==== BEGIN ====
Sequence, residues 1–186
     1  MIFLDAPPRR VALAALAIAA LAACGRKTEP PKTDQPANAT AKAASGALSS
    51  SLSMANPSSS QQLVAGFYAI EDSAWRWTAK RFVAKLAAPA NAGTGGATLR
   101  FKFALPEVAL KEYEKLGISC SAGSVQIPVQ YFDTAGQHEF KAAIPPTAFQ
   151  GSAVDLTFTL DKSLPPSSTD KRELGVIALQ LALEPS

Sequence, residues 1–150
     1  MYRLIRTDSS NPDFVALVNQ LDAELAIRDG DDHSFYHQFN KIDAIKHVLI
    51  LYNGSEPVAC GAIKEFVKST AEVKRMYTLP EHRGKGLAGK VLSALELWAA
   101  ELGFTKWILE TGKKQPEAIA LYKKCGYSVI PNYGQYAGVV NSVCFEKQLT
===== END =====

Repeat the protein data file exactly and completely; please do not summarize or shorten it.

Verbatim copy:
Sequence, residues 1–186
     1  MIFLDAPPRR VALAALAIAA LAACGRKTEP PKTDQPANAT AKAASGALSS
    51  SLSMANPSSS QQLVAGFYAI EDSAWRWTAK RFVAKLAAPA NAGTGGATLR
   101  FKFALPEVAL KEYEKLGISC SAGSVQIPVQ YFDTAGQHEF KAAIPPTAFQ
   151  GSAVDLTFTL DKSLPPSSTD KRELGVIALQ LALEPS

Sequence, residues 1–150
     1  MYRLIRTDSS NPDFVALVNQ LDAELAIRDG DDHSFYHQFN KIDAIKHVLI
    51  LYNGSEPVAC GAIKEFVKST AEVKRMYTLP EHRGKGLAGK VLSALELWAA
   101  ELGFTKWILE TGKKQPEAIA LYKKCGYSVI PNYGQYAGVV NSVCFEKQLT